A Thanksgiving Birthday

I started fulfilling my Saturday obligation by writing a post about an experience which I had with an order fulfillment company. I hit page six before I realized that no one wants to read six-plus pages of a story of little interest to anyone other than myself, particularly over Thanksgiving Day weekend. Accordingly, I herewith present a much shorter story and a much better one.

Thanksgiving Day landed on my granddaughter Samantha’s sixth birthday this year. We accordingly had the traditional holiday dinner but wrapped it around the context of her special day. That meant turkey, stuffing, pumpkin pie, and the like served out on a Spongebob Squarepants tablecloth with paper plates and napkins to match. She loved it, but enjoyed her presents even more. Her requests were somewhat outside of what one might expect from someone who regards kindergarten as a police state and has become a person of interest in the principal’s office. Samantha wanted “stuff to paint with.” Stuff, she got. Such stuff consisted of an easel with a dry erase board on one side, a blackboard on the other, a paper roller and cutter, shelves for paint cups, brushes, and of course more tempura paints than I can identify (I am colorblind, so that’s not a major deal, but she still received lots of paint). She painted all day long, and now every wall on the first floor of our house is covered with artwork, two or three layers deep, in some places.
Samantha asked for something else, however, which she also received: notebooks. Spiral notebooks, of all shapes and sizes. Done. I never thought to ask her why until she opened them. “I want to think of stories and write them down,” she said. What can you say to that? If I was physically capable of turning cartwheels I’d still be doing them. I don’t need to tell this group why, but I will: you can take all of the videogames and YouTube shorts and Facebook pages and all of the minutes that people spend with them and despair of the total, but if six year-old girls still dream of writing then there is hope for the future. And that made my holiday.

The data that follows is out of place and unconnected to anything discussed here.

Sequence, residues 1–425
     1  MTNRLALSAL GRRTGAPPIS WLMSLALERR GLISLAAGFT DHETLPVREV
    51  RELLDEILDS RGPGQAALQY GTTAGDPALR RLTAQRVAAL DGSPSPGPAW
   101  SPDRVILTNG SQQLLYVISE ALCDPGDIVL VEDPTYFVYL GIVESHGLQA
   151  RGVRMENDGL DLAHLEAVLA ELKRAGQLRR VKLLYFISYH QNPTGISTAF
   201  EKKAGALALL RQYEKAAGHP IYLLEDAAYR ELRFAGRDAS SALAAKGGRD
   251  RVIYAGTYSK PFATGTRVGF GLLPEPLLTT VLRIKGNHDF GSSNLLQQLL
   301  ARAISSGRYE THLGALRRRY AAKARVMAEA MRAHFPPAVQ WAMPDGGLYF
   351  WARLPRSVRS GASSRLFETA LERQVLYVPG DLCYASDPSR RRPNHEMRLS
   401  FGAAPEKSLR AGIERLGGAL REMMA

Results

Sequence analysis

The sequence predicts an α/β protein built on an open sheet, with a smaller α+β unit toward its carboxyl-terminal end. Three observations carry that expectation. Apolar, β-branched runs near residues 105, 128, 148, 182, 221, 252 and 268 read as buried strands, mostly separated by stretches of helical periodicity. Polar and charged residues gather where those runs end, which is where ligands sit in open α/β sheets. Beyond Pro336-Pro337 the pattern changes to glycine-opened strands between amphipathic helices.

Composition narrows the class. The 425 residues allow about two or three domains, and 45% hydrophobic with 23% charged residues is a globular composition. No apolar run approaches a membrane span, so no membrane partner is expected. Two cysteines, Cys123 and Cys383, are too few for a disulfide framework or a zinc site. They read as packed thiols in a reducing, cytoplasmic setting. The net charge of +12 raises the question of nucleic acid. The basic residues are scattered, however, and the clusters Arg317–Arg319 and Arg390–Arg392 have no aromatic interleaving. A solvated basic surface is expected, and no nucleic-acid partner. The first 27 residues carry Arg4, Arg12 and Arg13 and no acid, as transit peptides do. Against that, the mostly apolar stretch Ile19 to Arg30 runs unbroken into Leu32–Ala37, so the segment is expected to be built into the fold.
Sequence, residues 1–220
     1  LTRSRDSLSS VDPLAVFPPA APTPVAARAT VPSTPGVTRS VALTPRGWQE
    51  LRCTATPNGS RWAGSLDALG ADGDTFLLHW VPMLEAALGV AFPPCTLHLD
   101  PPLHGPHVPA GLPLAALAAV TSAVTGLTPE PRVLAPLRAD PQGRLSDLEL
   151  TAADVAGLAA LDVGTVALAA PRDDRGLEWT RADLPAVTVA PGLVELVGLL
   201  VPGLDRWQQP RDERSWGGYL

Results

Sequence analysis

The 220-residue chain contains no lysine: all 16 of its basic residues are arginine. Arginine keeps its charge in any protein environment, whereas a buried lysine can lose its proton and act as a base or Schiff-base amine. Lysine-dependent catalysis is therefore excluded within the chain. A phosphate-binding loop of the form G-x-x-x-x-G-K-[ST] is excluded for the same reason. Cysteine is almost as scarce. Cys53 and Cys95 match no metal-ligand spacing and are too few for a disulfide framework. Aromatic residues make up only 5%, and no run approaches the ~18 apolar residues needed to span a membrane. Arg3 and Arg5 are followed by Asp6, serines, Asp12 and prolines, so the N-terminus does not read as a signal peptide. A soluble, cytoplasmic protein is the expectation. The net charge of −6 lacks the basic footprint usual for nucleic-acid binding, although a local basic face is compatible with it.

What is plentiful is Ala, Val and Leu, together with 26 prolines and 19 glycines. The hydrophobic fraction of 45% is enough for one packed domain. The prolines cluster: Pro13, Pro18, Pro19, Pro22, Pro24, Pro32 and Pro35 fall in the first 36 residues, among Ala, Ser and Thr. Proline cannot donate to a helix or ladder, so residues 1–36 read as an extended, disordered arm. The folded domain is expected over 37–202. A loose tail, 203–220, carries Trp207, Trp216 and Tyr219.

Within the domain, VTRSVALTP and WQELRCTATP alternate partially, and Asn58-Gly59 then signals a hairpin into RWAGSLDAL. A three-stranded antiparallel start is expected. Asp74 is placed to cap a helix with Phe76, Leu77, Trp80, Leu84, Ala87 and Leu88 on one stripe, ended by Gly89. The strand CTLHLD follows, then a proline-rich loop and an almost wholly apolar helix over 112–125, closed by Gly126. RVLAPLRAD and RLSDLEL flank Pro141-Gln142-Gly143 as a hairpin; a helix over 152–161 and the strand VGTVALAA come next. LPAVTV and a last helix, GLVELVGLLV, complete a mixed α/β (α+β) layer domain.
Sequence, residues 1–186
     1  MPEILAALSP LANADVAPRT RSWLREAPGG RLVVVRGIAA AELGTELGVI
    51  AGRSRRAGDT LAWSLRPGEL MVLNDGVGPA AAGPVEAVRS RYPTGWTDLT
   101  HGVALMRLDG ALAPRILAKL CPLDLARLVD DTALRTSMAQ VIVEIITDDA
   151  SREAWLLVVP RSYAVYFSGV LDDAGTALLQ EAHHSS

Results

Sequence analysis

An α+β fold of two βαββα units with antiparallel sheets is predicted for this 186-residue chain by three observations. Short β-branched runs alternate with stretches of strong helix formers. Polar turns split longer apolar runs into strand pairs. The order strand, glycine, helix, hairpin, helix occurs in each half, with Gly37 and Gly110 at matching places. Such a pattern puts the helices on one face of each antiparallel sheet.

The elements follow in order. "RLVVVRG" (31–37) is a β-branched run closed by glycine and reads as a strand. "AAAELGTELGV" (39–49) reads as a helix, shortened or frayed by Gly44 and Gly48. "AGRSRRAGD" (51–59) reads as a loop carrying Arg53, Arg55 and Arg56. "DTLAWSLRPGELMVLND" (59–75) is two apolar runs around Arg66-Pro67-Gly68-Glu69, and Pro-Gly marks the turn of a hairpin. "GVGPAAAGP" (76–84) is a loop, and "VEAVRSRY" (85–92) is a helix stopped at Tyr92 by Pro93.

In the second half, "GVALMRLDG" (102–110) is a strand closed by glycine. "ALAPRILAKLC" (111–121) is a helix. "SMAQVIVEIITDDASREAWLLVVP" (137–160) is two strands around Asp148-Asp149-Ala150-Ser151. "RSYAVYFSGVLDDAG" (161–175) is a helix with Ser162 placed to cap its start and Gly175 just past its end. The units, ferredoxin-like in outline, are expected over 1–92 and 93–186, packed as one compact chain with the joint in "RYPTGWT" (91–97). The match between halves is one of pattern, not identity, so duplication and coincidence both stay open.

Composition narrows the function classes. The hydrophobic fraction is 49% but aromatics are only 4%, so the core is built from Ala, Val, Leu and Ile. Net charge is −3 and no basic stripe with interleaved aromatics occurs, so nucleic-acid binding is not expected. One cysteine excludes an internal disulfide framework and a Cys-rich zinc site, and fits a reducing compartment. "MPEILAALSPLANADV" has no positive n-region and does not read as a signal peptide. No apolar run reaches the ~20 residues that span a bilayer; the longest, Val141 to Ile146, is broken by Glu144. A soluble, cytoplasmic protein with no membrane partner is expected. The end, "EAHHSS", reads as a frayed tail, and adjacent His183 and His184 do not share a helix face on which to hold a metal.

I certainly don’t think that I was the only one who had an uplifting and defining moment the Thursday last. What was yours? Or — unlikely as it might seem — did you witness or experience something on Black Friday that warmed your heart, or gave you hope? We’d love to read your story. Some of us might even need to. Please share.

8 thoughts on “A Thanksgiving Birthday

  1. The whole concept of Black Friday is creepy, from its vague intimations of the Plague, to its inherent ability to turn otherwise respectful shoppers into drunken Oakland Raiders fans.

    Thus, yestermorning, driving with my wife to a garden store to buy some poinsettias, we passed an electronics outlet that had opened at midnight, the lot packed with cars, and I felt the joy of not being there.

    And there’s nothing quite like six-year-old hope. Thanks for letting us in on that.

  2. My husband’s best friend flew in yesterday and was able to meet our 9 month old son for the first time. He works for NCIS and was in Brazil for almost a year.

    Icing on the cake was he was able to pick up all five of his kids for the holiday. Normally one of the ex-wives won’t let him have one or two of the kids, so that’s the first time they were all in the same place in a long time.

    Thanks for sharing your story!

  3. Good story, Joe.

    I was one of those children who dreamed of writing at a young age. In grade school I wrote serials, a chapter at a time, and they got passed around to students and teachers who all raved about them. As I grew older, Life intruded, including Viet Nam, and my bestselling writer days got pushed aside. Now, 50 years later, I’m trying to start again.